I would argue that respect for the rule of law should be a major distinction between the west and the terrorists that we abhor. When we abandon the rule of law we sink to the level of the terrorist and we miss a great opportunity to clearly demonstrate how civilized people ought to resolve conflicts and disputes. It is frightening to think that religious leaders of any denomination would be complacent about justice, due process and the rule of law.

    Steve - if the latter scenario is true (i.e. the US intentionally assassinated OBL), do you agree that it was a moral act? If so, are you implying that “Consequentialism” is a valid moral theory? If so, then how do you reconcile this to the Natural Law Theory that your Church favours?

    Cheers…Martin

    PS: Steve - while I am a godless apostate, it is OK to address me directly in any response you might have. I usually respond in kind, and I promise to be civil if you are. ;-)

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    1. Martin: I use the term enemy combatant in the same sense it is used by the Geneva Conventions - not as the re-defined definition dreamed up by a couple of Bush regime lawyers. Remember that I am agree with what you previously stated. As busy as I have been these past few weeks even I wouldn't post diametrically opposed positions so quickly. I was just trying to answer Marlene's admittedly rhetorical question about the 'Thou Shalt Not Kill' commandment. I could have used the 'some one breaks into your house where intent to kill your family - can you kill him?' example. I was just trying to frame the question in a manner relevant to our current times.

      Tim

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    2. Martin, you have an interesting way of framing questions and drawing conclusions. In any case, as stated, I do not believe that the attempted capture or killing of OBL was immoral in anyway. I reiterate, the war being waged at present is a war on terror fought in a unconventional way. OBL was not a free man walking down the streets of Paris or Moscow. He was sequestered in a fortified camp, with the full knowledge and cooperation of our friends the Pakinstan government! Their cooperation in his capture was not a certainty by any means and it would appear that our trust In their government needs to be tempered.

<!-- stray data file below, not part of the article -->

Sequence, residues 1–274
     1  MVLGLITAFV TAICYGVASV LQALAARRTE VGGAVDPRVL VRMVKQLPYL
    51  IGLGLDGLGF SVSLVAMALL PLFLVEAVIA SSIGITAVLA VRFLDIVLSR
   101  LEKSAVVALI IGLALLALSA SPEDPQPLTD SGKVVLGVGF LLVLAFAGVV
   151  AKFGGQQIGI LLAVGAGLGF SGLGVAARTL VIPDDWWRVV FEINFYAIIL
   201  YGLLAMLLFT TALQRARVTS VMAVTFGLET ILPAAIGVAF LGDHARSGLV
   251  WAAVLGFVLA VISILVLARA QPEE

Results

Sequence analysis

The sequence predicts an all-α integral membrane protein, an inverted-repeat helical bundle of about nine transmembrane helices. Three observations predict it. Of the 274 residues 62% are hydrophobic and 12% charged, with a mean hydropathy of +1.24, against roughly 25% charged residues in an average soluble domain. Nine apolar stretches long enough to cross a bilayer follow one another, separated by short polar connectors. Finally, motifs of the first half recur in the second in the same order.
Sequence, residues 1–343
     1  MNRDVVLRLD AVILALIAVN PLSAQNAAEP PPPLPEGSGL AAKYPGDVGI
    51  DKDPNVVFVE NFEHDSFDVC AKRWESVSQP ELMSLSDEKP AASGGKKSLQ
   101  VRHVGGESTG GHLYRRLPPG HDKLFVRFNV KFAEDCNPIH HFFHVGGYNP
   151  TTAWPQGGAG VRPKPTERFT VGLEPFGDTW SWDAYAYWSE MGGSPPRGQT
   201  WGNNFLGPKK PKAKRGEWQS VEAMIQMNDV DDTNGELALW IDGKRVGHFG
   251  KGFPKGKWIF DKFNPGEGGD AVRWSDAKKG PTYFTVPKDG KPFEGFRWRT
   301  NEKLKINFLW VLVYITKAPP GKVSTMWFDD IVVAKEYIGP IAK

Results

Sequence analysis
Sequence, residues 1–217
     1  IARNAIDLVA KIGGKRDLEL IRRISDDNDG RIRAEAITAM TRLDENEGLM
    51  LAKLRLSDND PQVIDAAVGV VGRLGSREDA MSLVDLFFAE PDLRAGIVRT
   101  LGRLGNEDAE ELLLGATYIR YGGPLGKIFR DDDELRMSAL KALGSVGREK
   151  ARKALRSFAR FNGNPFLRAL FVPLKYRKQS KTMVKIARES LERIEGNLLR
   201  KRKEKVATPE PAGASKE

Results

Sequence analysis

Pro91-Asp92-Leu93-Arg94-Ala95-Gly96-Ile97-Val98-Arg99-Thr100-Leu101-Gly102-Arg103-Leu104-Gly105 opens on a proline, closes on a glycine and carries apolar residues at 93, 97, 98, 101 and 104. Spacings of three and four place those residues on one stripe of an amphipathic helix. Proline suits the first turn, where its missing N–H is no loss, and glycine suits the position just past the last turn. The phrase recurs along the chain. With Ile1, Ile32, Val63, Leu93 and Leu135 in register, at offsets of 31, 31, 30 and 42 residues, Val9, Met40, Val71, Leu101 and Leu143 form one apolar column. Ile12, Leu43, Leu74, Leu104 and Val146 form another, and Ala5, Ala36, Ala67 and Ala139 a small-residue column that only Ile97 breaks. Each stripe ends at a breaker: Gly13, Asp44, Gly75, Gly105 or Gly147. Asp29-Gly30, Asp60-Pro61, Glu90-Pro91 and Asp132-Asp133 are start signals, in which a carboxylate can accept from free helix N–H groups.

That OBL needed to be brought to justice is unquestioned. The options concerning how this would be done, limited. This is an exceptional case, for obvious reasons and I do not feel on any level that this conflicts with my pro-life views. It's not as if he was coming out of the womb, having its throat cut. Something that many democrats seem to believe is an acceptable moral choice. Talk about something that is contrary to 'natural law'!

      Cheers!

      Isn't it nice that Fr. Tim's blog allows contrary opinions to be posted unlike that of you know who!

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  6. It will be a tough race to re election for President Obama. He may or may not succeed. I find Father Steve and Tim's comments dumbfounding, however.

    All of the candidates likely to feature in a general election, Obama, Santorum, Romney, Gingrich and Paul, have troubling inconsistencies in their stated personal faith lives. Obama, no more or less than any other. The attempts by the Fathers to make the conservative Romney and Gingrich, the reactionary Santorum, the libertarian Paul and the center left man of color, Obama's religious beliefs more or less acceptable to God, based on where they fall on a political spectrum, seem inappropriate for men of their vocation.

    What's up wit dat, Fathers?

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    1. Where exactly did I enter into any analysis of their faith life - I did call Obama a secularist, which by any standard is true.

      Romney called a conservative? Many would happily debate that!